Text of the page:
Wanda Jackson – Blues In My Heart (Capitol 1965)
The string period in Country music has always been a hard one for me to digest. I find strings on a Patsy Cline song are easier to listen to than a Jim Reeves song. But then I’ve never been a big fan of Reeves’ smooth Country style. He was the first to really usher in the “Nashville Sound” in the late ‘50s. Wanda Jackson was no different than most other Country artists in the early to mid-‘60s. By the time of Blues In My Heart she had shed her early rockabilly sound for a more mainstream Country output with plenty of lush string arrangements. For a Blues-themed record do strings work? Well, for starters, this isn’t a Blues album in the traditional African-American art form sense, although the basic elements do appear here because they are after all very much a part of the DNA of Country music. These are all Country songs about having “the blues”. Of course “the blues” are universal and go beyond the defining perimeter of a genre of music, just as being Rock ‘N’ Roll, or being Punk, or simply being Country is a state of mind.
The album opener and title track is a cover of Red Foley’s 1948 hit. The strings come hard and heavy right out of the gate on this one, and are joined by another element that irritates me – the choral background singers. It’s all adds up to what makes so much of the period hokey sounding. But then I pick up the sparse guitar and brush snare, and then lock onto Wanda’s voice, and I’m able to ignore what I don’t like and focus on what I do. Ultimately I find myself just accepting this for what it is and it’s quite pleasing to the ears. “Lonely Street” is more of a Pop song (and a hit for Andy Williams), but it still wallows in despair. “Midnight”, another Foley tune written by Boudreaux Bryant and Chet Atkins gives us a little more of an R&B feel.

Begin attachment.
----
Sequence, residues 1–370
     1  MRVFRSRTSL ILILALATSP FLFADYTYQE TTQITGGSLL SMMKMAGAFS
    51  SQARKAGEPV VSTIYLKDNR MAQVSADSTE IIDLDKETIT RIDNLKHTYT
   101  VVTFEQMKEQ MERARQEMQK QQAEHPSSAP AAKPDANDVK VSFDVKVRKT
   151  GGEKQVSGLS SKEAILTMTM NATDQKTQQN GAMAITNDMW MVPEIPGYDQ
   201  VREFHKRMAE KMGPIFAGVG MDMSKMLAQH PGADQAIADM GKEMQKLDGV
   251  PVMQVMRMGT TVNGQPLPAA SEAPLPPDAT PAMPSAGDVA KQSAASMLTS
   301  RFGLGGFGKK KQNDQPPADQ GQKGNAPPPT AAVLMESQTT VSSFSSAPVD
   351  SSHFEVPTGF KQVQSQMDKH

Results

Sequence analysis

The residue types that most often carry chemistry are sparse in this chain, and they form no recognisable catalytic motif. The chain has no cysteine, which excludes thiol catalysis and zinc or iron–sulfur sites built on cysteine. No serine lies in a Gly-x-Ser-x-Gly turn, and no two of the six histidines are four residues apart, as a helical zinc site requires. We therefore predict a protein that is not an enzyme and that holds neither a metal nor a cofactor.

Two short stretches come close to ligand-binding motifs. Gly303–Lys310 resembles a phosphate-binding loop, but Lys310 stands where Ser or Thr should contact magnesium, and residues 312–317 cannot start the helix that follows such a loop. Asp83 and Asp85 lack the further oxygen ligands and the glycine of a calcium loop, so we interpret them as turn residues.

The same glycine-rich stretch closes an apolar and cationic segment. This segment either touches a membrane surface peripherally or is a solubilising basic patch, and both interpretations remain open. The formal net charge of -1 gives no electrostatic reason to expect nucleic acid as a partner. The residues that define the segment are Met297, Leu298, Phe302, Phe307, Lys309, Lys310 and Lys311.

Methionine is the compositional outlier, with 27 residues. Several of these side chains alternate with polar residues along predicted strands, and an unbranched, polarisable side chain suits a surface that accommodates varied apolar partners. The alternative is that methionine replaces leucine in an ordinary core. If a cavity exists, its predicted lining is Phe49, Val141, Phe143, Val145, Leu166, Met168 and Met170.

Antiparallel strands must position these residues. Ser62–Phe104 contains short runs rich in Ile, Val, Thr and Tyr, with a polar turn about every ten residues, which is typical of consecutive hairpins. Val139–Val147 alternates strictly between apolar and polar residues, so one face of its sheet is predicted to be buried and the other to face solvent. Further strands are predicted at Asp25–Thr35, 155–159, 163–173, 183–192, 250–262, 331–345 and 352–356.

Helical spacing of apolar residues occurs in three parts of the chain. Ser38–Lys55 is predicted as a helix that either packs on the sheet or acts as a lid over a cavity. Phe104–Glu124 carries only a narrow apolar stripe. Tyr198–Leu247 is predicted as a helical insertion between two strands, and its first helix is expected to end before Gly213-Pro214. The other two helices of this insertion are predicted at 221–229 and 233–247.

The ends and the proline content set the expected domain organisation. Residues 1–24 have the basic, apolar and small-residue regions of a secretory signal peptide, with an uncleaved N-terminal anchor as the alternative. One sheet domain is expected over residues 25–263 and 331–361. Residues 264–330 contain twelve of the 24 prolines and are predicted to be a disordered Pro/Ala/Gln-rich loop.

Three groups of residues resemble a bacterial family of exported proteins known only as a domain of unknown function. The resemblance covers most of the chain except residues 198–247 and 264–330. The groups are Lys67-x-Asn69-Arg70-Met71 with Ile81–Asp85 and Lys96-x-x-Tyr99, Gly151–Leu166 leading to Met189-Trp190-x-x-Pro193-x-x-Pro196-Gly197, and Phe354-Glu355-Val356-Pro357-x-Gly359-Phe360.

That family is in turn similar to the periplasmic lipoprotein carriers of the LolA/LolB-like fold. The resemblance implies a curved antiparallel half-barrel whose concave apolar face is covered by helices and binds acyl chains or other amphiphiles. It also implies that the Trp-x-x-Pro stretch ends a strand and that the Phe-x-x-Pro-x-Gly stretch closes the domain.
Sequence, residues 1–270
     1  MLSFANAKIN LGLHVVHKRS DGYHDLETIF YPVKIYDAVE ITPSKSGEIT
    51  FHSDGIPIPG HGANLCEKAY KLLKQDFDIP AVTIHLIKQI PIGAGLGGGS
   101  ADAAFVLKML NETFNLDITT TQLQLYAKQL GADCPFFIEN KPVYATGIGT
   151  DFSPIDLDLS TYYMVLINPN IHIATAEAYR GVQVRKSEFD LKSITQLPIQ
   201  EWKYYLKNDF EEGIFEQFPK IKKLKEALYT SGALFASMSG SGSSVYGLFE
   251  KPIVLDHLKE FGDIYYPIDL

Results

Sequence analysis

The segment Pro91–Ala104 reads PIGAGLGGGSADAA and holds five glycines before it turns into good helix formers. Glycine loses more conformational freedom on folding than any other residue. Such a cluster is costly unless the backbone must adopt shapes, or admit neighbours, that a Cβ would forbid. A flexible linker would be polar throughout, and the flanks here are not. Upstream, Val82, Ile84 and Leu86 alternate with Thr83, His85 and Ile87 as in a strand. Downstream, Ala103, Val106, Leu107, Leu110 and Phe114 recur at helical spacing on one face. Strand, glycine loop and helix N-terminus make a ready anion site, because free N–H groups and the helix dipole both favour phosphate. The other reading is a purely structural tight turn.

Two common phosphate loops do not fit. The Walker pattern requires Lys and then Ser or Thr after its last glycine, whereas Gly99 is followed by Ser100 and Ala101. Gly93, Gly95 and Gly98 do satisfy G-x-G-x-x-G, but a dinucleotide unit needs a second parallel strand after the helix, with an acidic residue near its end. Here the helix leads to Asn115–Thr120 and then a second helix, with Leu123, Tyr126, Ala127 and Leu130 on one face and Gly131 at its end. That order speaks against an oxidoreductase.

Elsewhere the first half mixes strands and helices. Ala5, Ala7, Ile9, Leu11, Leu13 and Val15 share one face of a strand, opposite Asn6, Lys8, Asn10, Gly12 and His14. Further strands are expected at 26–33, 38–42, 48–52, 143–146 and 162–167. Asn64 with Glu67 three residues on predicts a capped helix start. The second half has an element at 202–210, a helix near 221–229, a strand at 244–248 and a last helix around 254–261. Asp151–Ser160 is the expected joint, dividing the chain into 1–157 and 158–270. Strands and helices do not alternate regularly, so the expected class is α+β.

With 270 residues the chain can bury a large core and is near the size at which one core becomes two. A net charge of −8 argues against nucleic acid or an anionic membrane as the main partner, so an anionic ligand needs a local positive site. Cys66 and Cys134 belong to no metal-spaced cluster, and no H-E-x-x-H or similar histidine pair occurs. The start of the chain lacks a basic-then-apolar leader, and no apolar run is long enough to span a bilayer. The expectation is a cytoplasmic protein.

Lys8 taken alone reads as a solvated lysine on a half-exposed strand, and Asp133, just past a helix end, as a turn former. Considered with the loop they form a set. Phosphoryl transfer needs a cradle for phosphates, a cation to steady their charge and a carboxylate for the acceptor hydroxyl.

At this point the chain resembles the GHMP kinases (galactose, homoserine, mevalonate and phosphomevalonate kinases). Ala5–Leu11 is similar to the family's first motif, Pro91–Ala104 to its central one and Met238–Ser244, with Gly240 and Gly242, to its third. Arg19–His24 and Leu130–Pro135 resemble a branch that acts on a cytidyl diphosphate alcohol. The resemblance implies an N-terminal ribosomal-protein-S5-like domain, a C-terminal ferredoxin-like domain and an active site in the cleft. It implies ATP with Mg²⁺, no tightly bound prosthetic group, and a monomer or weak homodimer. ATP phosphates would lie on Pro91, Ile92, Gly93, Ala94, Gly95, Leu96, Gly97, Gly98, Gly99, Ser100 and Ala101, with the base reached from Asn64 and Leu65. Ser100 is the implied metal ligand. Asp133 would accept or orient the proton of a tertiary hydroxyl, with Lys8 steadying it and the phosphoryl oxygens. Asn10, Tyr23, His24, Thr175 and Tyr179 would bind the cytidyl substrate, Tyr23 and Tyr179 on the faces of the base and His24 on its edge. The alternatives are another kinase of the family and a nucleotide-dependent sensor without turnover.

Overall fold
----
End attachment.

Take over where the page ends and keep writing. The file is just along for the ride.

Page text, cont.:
Then comes the song that I grabbed this record for: “Weary Blues From Waiting” by Hank Williams. One of two Hank songs on the album, “Weary” is a haunting blues ballad that Hank had recorded a demo of with just himself and his guitar. It wasn’t released until after his passing, and then re-released with a full-band accompaniment. The added instrumentation robbed the song of its deep soul, and its stark confessional nature. As for Wanda’s take on it: I LOVE IT! The combination of Wanda’s voice with Hank’s words supersedes anything that could be wrong with the track. Fortunately no strings appear, and the acoustic guitar and piano help me ignore the useless background vocals. Hank’s immortal “I’m So Lonesome I Could Cry” can’t escape the string & vocal treatment, but by the time you get to it three quarters of the way into the record, you’re either down with it or not.
Other highlights from the album are Don Gibson’s upbeat “Oh Lonesome Me”, a down home take on the Delmore Brothers classic “Blues Stay Away From Me”, which you can hear the influence Wanda’s old friend Elvis had on her as I can hear him singing this (and surprised he never did). Harlan Howard’s “Just For You” delivers some Charlie McCoy styled country harmonica (not sure who plays here, but it could be him). The album closes out with two fine treatments of Country nuggets, Willie Nelson’s “Night Life” and Marty Robbins’ hit “Singing The Blues”. All in all this is a fun listen, good for dancing and cocktails, or just mellowing out. Nothing world-changing (although “Weary” is gonna be on one of my playlists for sure) but a good time commiserating with Wanda and those pesky blues.